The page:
Natural Resource Economics
This program offers an area of emphasis in natural resource economics (NRE). It allows students to specialize in (1) natural resource and/or environmental economics, (2) regional economics and/or development, or (3) spatial analysis. The NRE program provides students with a strong foundation in economic theory, economic and policy analysis, and quantitative methods. The primary objective of the Ph.D. in NRE is to educate professionals capable of meeting the demands at the highest levels of their chosen occupations.
Students entering this program should be well prepared to successfully complete advanced course work in economic theory, economic policy analysis, and quantitative methods, at least at the master’s level. A master's degree or a bachelor’s degree that includes a strong background in economics and/or quantitative methods is required for admission.
This program provides interdisciplinary doctoral training for professionals interested in pursuing careers in academia, private industry, government agencies, or non-profit organizations that focus on the management of natural resources and the environment. It offers a multi- and inter-disciplinary degree that combines applied economics, particularly natural resource and environmental economics, with studies of and coursework in the natural and spatial sciences. The objective is to support the integration of natural and human systems to enable advanced policy analyses using research techniques from relevant disciplines. A Ph.D. program is composed of (1) core courses taken by all students and (2) field courses, which are selected based on the student’s research focus.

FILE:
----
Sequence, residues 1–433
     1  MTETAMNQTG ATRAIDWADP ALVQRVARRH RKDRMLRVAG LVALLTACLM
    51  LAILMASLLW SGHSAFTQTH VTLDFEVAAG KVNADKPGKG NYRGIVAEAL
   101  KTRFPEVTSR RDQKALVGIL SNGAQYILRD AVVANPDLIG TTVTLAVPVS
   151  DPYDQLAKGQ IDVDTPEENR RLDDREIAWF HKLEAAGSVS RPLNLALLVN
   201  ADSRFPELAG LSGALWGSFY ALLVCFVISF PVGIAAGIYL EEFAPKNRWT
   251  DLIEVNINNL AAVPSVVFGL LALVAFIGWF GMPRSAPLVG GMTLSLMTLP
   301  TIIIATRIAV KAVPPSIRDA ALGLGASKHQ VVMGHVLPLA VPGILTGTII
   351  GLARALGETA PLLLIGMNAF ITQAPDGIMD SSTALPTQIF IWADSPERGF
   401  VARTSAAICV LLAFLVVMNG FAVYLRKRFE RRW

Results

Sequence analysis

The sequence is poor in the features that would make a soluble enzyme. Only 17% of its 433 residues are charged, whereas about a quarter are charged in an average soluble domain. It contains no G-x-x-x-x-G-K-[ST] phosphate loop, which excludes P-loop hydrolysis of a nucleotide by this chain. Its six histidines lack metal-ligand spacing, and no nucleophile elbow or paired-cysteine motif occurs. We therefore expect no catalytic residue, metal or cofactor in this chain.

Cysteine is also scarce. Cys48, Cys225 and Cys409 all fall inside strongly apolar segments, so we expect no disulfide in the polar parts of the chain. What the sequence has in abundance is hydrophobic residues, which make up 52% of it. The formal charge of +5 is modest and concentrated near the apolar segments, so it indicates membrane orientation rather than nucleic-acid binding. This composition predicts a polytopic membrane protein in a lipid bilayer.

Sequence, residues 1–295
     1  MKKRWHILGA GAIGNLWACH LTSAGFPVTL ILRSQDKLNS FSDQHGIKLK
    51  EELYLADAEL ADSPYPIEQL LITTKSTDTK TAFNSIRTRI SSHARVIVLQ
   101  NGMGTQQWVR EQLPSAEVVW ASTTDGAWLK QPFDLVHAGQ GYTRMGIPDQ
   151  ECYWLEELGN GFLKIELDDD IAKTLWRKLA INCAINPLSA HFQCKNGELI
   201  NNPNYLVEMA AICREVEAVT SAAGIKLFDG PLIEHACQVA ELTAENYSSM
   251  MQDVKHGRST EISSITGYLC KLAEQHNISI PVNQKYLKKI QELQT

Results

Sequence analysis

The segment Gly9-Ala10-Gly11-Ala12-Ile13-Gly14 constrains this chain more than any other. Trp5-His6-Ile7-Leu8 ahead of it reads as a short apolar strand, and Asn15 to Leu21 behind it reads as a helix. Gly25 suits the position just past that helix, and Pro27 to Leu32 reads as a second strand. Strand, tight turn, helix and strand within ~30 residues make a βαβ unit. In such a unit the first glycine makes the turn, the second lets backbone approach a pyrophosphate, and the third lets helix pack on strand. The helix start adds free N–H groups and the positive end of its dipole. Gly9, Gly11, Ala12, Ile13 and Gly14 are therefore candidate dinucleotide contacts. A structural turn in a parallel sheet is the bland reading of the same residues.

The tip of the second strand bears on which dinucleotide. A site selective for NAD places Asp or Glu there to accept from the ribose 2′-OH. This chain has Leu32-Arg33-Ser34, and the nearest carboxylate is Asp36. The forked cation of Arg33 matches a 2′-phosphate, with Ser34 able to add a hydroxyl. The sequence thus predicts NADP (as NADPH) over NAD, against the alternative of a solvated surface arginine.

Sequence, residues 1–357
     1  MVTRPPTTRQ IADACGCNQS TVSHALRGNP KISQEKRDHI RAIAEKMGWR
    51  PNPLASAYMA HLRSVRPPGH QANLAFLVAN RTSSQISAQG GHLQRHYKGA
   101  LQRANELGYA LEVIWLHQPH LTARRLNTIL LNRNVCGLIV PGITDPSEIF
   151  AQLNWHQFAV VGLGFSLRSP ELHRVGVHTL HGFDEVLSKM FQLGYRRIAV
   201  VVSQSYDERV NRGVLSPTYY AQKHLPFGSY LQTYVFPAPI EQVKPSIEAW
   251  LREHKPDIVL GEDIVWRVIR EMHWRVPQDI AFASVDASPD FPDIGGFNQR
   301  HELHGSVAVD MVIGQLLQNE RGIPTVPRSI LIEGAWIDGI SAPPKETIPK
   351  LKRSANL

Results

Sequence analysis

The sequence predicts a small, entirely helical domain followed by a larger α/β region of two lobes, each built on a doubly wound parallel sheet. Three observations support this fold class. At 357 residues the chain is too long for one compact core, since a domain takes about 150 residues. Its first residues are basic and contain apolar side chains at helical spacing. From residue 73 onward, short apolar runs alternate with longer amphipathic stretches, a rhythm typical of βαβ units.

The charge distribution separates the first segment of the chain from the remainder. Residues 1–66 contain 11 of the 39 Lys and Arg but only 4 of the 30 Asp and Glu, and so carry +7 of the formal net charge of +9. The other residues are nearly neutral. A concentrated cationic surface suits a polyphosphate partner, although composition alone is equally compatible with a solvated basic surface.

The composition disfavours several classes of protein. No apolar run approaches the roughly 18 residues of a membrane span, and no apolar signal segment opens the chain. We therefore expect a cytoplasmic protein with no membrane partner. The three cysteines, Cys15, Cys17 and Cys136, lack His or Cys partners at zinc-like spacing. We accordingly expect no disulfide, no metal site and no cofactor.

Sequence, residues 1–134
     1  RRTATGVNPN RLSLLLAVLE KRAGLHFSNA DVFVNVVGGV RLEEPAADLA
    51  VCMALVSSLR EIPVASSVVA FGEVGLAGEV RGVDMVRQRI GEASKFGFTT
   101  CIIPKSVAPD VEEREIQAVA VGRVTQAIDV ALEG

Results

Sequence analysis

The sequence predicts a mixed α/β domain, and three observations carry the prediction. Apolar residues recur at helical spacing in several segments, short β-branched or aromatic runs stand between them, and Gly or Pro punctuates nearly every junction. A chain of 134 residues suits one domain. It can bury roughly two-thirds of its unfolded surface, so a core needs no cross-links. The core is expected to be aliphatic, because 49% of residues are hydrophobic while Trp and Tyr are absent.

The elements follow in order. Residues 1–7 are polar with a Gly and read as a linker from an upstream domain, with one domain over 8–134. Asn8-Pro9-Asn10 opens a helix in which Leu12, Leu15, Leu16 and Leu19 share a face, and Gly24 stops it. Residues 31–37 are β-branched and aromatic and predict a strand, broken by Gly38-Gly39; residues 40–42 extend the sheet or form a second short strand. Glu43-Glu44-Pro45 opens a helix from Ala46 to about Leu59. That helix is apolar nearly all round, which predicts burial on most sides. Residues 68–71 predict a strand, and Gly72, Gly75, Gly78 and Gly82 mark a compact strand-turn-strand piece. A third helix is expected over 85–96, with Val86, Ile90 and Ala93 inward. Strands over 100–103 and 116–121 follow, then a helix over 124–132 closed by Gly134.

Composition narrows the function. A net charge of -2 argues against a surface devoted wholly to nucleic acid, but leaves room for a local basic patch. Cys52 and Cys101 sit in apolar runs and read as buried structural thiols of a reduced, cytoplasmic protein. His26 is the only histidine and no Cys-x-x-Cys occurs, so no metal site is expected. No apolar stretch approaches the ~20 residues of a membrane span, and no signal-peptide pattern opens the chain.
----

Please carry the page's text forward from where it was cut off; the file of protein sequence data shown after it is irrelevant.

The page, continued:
Applicants are expected to have a master's degree or significant experience in resource economics, other social sciences, natural science disciplines, or spatial analysis. Applicants are expected to demonstrate an adequate background in either a natural science discipline or a social science field at the time of admission to enable building integrated training and research across human and natural systems.